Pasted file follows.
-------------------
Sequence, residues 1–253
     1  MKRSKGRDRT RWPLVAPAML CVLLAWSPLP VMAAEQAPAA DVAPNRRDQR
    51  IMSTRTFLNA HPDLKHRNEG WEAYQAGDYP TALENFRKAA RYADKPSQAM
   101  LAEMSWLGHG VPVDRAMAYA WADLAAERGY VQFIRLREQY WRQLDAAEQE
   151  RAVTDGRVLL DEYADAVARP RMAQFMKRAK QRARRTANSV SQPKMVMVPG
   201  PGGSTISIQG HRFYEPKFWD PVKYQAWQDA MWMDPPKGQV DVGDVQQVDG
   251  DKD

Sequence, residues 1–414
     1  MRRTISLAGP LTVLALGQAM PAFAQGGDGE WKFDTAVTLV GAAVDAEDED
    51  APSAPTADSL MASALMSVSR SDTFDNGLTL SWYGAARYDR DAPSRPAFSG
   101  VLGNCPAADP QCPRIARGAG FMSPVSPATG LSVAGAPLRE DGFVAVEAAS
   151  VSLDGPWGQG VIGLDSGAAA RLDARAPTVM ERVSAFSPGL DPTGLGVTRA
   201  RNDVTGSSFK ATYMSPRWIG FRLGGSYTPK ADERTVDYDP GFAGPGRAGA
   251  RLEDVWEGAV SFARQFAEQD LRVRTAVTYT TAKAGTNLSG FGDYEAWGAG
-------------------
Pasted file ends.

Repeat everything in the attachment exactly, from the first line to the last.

Sequence, residues 1–253
     1  MKRSKGRDRT RWPLVAPAML CVLLAWSPLP VMAAEQAPAA DVAPNRRDQR
    51  IMSTRTFLNA HPDLKHRNEG WEAYQAGDYP TALENFRKAA RYADKPSQAM
   101  LAEMSWLGHG VPVDRAMAYA WADLAAERGY VQFIRLREQY WRQLDAAEQE
   151  RAVTDGRVLL DEYADAVARP RMAQFMKRAK QRARRTANSV SQPKMVMVPG
   201  PGGSTISIQG HRFYEPKFWD PVKYQAWQDA MWMDPPKGQV DVGDVQQVDG
   251  DKD

Sequence, residues 1–414
     1  MRRTISLAGP LTVLALGQAM PAFAQGGDGE WKFDTAVTLV GAAVDAEDED
    51  APSAPTADSL MASALMSVSR SDTFDNGLTL SWYGAARYDR DAPSRPAFSG
   101  VLGNCPAADP QCPRIARGAG FMSPVSPATG LSVAGAPLRE DGFVAVEAAS
   151  VSLDGPWGQG VIGLDSGAAA RLDARAPTVM ERVSAFSPGL DPTGLGVTRA
   201  RNDVTGSSFK ATYMSPRWIG FRLGGSYTPK ADERTVDYDP GFAGPGRAGA
   251  RLEDVWEGAV SFARQFAEQD LRVRTAVTYT TAKAGTNLSG FGDYEAWGAG